Lecture Slides on Chapter 17 of Mishkin and Serletis (5th Cdn. ed.)

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Mishkin/Serletis
The Economics
of Money, Banking,
and Financial Markets
Fifth Canadian Edition
Chapter 17
TOOLS OF
MONETARY POLICY
Copyright © 2014 Pearson Canada Inc.
Learning Objectives
1. Characterize the framework for the implementation
of monetary policy in Canada
2. Explain the market for reserves and the
channel/corridor system for setting the overnight
interest rate in Canada
3. Identify the Bank of Canada’s approach to monetary
policy and the conventional and nonconventional
tools of monetary policy
4. Explain how the Federal Reserve and the European
Central Bank can use their policy tools to manipulate
interest rates and the money supply
Copyright © 2014 Pearson Canada Inc.
17-2
The Large Value Transfer System (LVTS)
•
LVTS
–
–
–
•
•
•
electronic, real-time net settlement network
designed to provide immediate finality and settlement to
time-critical transactions
put in place in order to eliminate systemic risk
LVTS participants know in real time their large-value,
wholesale transactions (over $50,000)
Transactions account for < 1% of the total number of
transactions
They make up 94% of the value of transactions in
Canada
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17-3
The Large Value Transfer System (cont’d)
•
•
The LVTS uses multilateral netting
Only the net credit or debit position of each participant
vis-à-vis all other participants is calculated for
settlement
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Systemic Risk
• The risk to the entire payments system due to the
inability of one financial institution to fulfill its payment
obligations
• The LVTS has been put in place to eliminate systemic
risk
• Participants can make a payment only if:
– they have positive settlement balances in their accounts with
the Bank of Canada,
– posted collateral (such as T-bills and bonds), or
– explicit lines of credit with other LVTS participants
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17-5
Non-LVTS (ACSS) Transactions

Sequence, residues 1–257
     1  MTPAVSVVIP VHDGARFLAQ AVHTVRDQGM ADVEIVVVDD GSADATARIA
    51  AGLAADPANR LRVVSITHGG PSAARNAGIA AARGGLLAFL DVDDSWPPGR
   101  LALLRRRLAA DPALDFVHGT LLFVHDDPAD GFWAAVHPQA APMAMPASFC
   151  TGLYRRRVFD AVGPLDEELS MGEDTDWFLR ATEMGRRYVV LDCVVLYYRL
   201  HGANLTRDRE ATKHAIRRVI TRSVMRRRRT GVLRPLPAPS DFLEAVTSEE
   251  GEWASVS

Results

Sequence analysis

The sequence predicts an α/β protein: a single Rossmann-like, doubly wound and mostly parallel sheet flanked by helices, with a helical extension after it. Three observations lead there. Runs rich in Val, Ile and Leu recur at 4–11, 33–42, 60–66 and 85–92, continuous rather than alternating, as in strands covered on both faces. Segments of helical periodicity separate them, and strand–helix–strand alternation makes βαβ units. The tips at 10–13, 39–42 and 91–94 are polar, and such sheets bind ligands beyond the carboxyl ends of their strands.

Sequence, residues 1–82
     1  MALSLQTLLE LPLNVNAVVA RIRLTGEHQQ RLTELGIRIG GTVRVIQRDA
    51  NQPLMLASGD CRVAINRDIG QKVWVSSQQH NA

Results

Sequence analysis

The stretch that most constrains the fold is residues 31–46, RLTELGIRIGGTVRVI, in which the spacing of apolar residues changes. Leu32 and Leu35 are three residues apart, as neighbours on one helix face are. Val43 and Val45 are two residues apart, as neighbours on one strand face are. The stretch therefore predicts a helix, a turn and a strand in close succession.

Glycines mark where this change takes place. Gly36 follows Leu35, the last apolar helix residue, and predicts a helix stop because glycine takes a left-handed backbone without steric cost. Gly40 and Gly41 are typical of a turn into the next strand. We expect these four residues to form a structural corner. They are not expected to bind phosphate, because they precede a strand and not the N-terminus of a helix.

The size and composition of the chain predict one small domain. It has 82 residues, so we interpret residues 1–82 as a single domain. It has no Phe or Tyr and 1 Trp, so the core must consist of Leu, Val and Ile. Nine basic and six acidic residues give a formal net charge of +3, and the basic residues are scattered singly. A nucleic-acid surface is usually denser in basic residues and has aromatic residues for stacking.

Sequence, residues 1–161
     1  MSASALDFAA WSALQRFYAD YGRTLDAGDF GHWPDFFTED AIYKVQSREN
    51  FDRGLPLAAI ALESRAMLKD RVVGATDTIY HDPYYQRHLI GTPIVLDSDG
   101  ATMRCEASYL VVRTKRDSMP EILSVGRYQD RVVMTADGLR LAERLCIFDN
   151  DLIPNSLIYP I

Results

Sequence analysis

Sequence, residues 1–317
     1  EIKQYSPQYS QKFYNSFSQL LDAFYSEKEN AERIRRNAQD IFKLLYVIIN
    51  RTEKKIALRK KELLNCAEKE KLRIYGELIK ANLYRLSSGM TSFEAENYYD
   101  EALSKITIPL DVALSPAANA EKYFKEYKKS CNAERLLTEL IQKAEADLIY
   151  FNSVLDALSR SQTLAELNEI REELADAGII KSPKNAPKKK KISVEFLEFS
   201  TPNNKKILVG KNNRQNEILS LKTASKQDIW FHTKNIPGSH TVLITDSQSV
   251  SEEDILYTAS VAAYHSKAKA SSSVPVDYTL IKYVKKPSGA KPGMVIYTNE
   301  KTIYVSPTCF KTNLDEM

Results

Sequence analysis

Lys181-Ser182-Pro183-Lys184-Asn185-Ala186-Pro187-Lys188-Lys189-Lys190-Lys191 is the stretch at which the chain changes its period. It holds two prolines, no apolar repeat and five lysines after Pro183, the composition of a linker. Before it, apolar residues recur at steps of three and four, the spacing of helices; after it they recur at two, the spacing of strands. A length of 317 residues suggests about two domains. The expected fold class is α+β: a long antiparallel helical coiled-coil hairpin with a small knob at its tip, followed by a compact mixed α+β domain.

•
•
•
•
These are non-LVTS (paper-based) payment items,
such as cheques
These items are cleared through the Automated
Clearing Settlement System (ACSS), an electronic
payments system also operated by the CPA
The ACSS aggregates interbank payments and
calculates the net amounts to be transferred from
and to each participant's settlement account with the
Bank of Canada
Direct Clearers are subset of LVTS participants who
participate directly in the ACSS
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17-6
The Bank of Canada’s Policy Rate
• Overnight interest rate
– It is the interest rate at which participants borrow and lend
overnight funds to each other in the money market.
• The reference rate
– The Bank of Canada signals its monetary policy stance by
announcing a target for the overnight interest rate.
– The overnight interest rate is known as the reference rate.
• The policy rate
– The target for the overnight rate, known as the policy rate, is
the main tool the Bank uses to conduct monetary policy.
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17-7
The Operating Band for the Overnight Interest
Rate
• The Bank’s objective is to keep the overnight rate
within a band of 50 basis points (1/2 of 1%)
• In response to the subprime financial crisis, the Bank of
Canada temporarily narrowed the operating band for
the overnight interest rate to 25 basis points (1/4 of
1%)
• The Bank operates under a system of eight “fixed”
dates throughout the year for announcing changes to
the operating band
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17-8
Operating Band for the Overnight Interest Rate
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17-9
The Bank of Canada's Standing Facilities
• At the end of each banking day, each LVTS participant
must bring its settlement balance with the Bank close
to zero
• The Bank of Canada therefore stands ready (with
standing liquidity facilities) to lend to or borrow from a
participant to bring their settlement balances to zero at
the end of the banking day
• Participants know with certainty the rates applicable to
positive and negative settlement balances
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17-10
The Bank of Canada's Standing Facilities
(cont’d)
• The initiative is on the side of the LVTS participant
– participant may use the Bank’s lending facility to obtain
overnight liquidity in case of a shortage, or
– participant may use the deposit facility to make deposits in
case of excess liquidity
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17-11
The Bank of Canada and the Operating Band
• If the overnight rate increases toward the upper limit
of the operating band
– the Bank will lend at the bank rate
– puts a ceiling on the overnight rate
• If the overnight rate falls toward the lower limit of the
operating band
– the Bank will accept deposits from LVTS participants at the
bank rate less 50 basis points
– puts a floor on the overnight rate
Copyright © 2014 Pearson Canada Inc.
17-12
The Market for Settlement Balances
• The market for settlement balances (reserves) is where
the overnight interest rate is determined